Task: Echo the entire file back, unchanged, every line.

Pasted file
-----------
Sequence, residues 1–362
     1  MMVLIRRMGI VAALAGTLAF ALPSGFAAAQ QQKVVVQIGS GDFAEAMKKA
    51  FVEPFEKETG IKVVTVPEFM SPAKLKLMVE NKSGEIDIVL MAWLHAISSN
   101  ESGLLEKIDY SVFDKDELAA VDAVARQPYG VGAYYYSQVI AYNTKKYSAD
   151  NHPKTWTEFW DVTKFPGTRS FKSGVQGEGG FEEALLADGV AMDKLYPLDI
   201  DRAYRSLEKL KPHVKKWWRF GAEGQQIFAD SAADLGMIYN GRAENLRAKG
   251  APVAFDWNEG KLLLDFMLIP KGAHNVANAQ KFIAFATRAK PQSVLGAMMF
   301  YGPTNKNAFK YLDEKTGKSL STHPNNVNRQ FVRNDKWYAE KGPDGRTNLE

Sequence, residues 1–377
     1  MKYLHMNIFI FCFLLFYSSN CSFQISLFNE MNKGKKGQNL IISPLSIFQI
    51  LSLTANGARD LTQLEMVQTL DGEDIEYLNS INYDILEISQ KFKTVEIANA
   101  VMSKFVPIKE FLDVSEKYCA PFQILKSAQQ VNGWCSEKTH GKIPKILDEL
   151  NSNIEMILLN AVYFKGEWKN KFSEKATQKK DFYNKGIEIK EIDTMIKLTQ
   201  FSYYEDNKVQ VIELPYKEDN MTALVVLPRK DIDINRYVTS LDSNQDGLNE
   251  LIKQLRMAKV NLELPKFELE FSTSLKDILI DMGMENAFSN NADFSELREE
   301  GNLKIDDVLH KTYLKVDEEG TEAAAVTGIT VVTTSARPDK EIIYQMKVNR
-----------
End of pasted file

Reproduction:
Sequence, residues 1–362
     1  MMVLIRRMGI VAALAGTLAF ALPSGFAAAQ QQKVVVQIGS GDFAEAMKKA
    51  FVEPFEKETG IKVVTVPEFM SPAKLKLMVE NKSGEIDIVL MAWLHAISSN
   101  ESGLLEKIDY SVFDKDELAA VDAVARQPYG VGAYYYSQVI AYNTKKYSAD
   151  NHPKTWTEFW DVTKFPGTRS FKSGVQGEGG FEEALLADGV AMDKLYPLDI
   201  DRAYRSLEKL KPHVKKWWRF GAEGQQIFAD SAADLGMIYN GRAENLRAKG
   251  APVAFDWNEG KLLLDFMLIP KGAHNVANAQ KFIAFATRAK PQSVLGAMMF
   301  YGPTNKNAFK YLDEKTGKSL STHPNNVNRQ FVRNDKWYAE KGPDGRTNLE

Sequence, residues 1–377
     1  MKYLHMNIFI FCFLLFYSSN CSFQISLFNE MNKGKKGQNL IISPLSIFQI
    51  LSLTANGARD LTQLEMVQTL DGEDIEYLNS INYDILEISQ KFKTVEIANA
   101  VMSKFVPIKE FLDVSEKYCA PFQILKSAQQ VNGWCSEKTH GKIPKILDEL
   151  NSNIEMILLN AVYFKGEWKN KFSEKATQKK DFYNKGIEIK EIDTMIKLTQ
   201  FSYYEDNKVQ VIELPYKEDN MTALVVLPRK DIDINRYVTS LDSNQDGLNE
   251  LIKQLRMAKV NLELPKFELE FSTSLKDILI DMGMENAFSN NADFSELREE
   301  GNLKIDDVLH KTYLKVDEEG TEAAAVTGIT VVTTSARPDK EIIYQMKVNR